The iPhone 5 brought many new features and changes to the table, and along with a slightly-improved snapper, faster processor, doubled-up RAM and a smoother all-round design, the latest and greatest Apple smartphone also brought with it an increased display size.
Although the elongated screen isn’t significant in size (not least because most smartphones at the higher end of the spectrum are 4.5-inches plus in diameter), it is the first time Apple has deviated from the 3.5-inch configuration seen in every release since the very first iPhone back in 2007.
By making the display longer but maintaining its width, the aspect ratio became 16:9, something perceived by many as the optimal proportions for viewing excellence. The reception of the new iPhone’s display has been a largely positive one, and the notion that 16:9 suits watching movies and playing games is as emphasized as ever.
Historically speaking, features which have made a positive impression on one device have naturally filtered through to the rest of the roster, and the iPad and iPhone are perhaps prime examples of this behavior. Apple had omitted 4G LTE for some time, despite other devices having implemented it as far back as 2010, but the 3rd-gen iPad, which did pack in an LTE chip, indicated we would be seeing such technology with the iPhone 5.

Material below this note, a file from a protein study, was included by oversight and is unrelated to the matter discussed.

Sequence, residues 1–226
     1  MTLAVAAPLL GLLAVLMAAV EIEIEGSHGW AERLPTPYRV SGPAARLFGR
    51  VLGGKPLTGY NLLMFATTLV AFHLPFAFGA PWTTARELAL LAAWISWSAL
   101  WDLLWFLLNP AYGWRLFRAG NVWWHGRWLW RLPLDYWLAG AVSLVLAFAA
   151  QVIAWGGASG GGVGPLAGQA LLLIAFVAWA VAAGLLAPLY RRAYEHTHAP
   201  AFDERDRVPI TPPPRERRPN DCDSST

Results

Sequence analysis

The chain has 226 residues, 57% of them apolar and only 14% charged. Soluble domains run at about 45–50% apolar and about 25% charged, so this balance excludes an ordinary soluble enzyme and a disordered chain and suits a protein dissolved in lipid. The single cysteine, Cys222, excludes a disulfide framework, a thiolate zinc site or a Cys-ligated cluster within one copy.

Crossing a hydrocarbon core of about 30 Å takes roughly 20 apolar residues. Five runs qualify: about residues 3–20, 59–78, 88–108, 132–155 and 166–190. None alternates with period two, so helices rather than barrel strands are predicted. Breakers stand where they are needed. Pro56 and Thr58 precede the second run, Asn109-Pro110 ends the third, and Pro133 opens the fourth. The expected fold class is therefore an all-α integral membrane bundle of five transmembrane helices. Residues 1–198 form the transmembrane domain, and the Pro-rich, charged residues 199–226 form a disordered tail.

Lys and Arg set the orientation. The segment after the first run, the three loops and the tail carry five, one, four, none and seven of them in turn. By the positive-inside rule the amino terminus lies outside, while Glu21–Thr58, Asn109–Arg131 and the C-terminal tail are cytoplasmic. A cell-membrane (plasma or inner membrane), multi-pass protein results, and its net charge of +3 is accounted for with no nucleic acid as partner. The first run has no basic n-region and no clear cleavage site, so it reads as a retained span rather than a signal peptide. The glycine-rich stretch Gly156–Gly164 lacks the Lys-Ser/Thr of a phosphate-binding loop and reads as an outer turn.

This isn’t always the case, however, and you only have to check the iPad 2’s disappointing lack of a Retina display to find an example of an inconsistency, but the general trend does give some backing to a rumor suggesting Apple is prototyping 16:9 aspect ratio for the next-gen iPad.
The iPad Mini, which set to release next month, is probably the reason why talk of the fourth-gen iPad hasn’t really begun, but according to a report over at the Examiner, Apple is serious about bringing the popular 16:9 display to its flagship tablet.
Los Angeles industry analyst Paul Mueller cited "at least three people close to Apple" in stating there are new iPad prototypes boasting a 16:9 aspect ratio, and also confirmed those prototypes are not related to the iPad Mini.
Mueller will know more in the next few weeks, but until then, his findings will undoubtedly keep chins wagging. Personally, I don’t think a 16:9 iPad would be a bad idea, but it would be a pretty drastic move, and one I cannot see Apple doing with the next generation of iPad.